If new evidence comes to light on the legality of the 2003 war in Iraq it could be used to justify a further inquiry into the conflict, according to an influential parliamentary committee.
Members of the Public Administration Committee said on Wednesday that the 2016 Chilcot Inquiry had failed to “provide closure” on the war which had left an “indelible scar” on UK politics.
In a new assessment of the 2-million-word report by Sir John Chilcot and his panel, the committee made a number of recommendations.
These include looking at ways the six year investigation could have been sped up, how the “culture of challenge” in government could be improved and how the National Security Council (NSC) could be given more powers.
Noting that many MPs who supported the war had since changed their minds, the committee said it felt parliament should have been “more critical and challenging” of the arguments for war, centrally those made by then-Prime Minister Tony Blair.
The Chilcot Inquiry was widely condemned for taking too long to report back. It began in 2009 and only published its findings in 2016. It cost taxpayers £10 million (US$12.3 million).
Critics were also split on the inquiry’s usefulness. Some said it was rightly harsh on Blair-era ministers, while others, including the families of soldier killed in the war, lamented the fact it had no legal power and was solely focused on what lessons could be drawn from the conflict.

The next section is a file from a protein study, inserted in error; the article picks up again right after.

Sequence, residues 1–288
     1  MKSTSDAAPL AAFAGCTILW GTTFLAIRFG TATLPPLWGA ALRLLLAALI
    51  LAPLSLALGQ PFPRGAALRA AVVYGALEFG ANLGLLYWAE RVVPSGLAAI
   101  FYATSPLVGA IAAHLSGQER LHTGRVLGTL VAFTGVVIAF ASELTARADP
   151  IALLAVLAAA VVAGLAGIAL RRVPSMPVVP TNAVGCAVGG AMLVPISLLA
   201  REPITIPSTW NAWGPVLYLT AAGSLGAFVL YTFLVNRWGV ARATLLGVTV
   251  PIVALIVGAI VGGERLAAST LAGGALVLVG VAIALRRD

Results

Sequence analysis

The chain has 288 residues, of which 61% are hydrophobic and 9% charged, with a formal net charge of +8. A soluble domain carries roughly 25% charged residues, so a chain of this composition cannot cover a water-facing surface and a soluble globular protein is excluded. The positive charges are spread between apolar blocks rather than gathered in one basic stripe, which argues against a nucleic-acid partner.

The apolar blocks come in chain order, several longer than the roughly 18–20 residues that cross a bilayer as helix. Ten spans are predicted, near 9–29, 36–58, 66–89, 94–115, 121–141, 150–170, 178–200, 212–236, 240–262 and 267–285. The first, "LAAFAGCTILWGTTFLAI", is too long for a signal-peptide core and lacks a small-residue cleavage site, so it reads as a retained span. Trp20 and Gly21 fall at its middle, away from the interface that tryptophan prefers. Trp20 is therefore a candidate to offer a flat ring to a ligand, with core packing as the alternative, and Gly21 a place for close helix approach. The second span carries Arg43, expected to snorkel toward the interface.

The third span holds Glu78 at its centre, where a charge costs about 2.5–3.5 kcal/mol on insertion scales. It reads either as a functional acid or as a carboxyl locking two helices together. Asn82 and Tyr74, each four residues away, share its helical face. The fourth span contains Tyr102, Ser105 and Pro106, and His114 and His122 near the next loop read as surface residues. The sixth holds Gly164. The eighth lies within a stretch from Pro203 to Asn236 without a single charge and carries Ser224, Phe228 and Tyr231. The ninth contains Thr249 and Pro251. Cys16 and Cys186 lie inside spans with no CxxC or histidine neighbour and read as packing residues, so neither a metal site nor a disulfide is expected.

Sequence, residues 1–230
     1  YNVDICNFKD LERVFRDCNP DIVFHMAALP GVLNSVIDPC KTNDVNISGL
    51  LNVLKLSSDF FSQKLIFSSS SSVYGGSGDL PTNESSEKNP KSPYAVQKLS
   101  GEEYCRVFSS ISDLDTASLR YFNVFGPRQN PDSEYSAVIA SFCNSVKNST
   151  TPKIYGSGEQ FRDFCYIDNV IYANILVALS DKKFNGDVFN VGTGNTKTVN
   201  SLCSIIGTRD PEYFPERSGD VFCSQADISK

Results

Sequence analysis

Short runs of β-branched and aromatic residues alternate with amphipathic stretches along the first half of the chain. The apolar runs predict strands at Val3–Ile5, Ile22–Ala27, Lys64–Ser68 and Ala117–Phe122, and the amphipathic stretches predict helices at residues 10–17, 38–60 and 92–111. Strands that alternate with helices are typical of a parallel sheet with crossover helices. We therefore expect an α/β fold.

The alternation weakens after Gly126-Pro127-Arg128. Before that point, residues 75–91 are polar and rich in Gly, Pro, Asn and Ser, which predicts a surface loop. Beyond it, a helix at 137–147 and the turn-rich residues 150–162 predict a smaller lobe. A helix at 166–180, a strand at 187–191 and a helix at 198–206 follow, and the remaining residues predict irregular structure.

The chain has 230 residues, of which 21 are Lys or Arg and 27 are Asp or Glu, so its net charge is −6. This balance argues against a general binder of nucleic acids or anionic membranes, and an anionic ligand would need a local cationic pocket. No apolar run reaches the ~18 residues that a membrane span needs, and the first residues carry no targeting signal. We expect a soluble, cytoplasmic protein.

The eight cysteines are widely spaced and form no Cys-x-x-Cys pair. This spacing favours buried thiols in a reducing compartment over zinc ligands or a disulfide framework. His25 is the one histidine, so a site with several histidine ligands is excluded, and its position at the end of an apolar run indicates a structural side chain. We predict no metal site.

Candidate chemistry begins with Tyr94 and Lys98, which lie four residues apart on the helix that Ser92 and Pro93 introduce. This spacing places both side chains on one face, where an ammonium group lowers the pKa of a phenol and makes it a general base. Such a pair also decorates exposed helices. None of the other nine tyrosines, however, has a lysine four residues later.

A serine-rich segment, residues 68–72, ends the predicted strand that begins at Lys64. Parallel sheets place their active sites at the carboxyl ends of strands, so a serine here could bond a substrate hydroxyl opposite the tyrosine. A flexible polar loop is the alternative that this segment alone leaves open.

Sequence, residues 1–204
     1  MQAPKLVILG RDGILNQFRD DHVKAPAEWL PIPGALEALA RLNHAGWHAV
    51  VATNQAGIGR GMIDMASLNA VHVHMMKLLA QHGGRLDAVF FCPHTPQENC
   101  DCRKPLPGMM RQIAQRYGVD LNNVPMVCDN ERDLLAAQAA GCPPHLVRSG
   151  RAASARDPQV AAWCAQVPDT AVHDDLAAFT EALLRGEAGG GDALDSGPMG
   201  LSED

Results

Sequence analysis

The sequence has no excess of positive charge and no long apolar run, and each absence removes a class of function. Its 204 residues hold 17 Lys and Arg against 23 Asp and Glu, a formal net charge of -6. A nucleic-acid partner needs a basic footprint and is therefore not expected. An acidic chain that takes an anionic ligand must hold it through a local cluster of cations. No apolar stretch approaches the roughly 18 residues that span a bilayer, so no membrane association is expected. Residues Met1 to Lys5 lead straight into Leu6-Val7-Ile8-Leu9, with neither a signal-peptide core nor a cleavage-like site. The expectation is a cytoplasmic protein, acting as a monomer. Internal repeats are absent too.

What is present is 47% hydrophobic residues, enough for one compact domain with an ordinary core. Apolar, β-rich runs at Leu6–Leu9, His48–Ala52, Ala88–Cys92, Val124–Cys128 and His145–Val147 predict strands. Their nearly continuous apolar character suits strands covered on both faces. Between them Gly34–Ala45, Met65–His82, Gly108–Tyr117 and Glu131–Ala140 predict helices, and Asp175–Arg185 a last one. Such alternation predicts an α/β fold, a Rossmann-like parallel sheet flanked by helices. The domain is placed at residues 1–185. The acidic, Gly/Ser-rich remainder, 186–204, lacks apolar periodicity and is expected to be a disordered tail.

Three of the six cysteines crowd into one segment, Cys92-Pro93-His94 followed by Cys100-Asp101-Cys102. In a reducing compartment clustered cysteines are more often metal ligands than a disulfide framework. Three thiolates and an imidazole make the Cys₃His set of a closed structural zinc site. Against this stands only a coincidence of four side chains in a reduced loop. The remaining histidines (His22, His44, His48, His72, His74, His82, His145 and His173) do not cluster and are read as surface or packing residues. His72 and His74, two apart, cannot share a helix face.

In late 2016, the Iraq War Families campaign group successfully crowdfunded £150,000 to hire lawyers to pore over the vast document in search of legal grounds to bring a civil case against Blair.
The committee of MPs was cagey about whether there would be another investigation on top the Chilcot Inquiry and several others including the Hutton Inquiry.
“After taking advice, we do not feel that Chilcot or any other inquiries provide a sufficient basis for the committee to conduct such an inquiry.
“However, we think Parliament should be prepared to establish such an inquiry into the matter if any new and relevant material or facts emerge.”
The cross-party group of MPs identified key failings in parliamentary processes, some of which were also raised in Chilcot.
“It is no longer acceptable that the present arrangements should continue without stronger means to prevent key ministers, or even the whole Cabinet, from being side-lined,” they said.
Committee chair Bernard Jenkins MP reserved particular criticism for Blair over his assurances to US President George W. Bush.
“When Tony Blair wanted to write that letter to President Bush saying ‘we will be with you whatever,’ officials tried to stop him but he ignored them,” he told the BBC.
“They said cabinet had not been consulted but he said ‘send it anyway.’ That should not be allowed to happen.”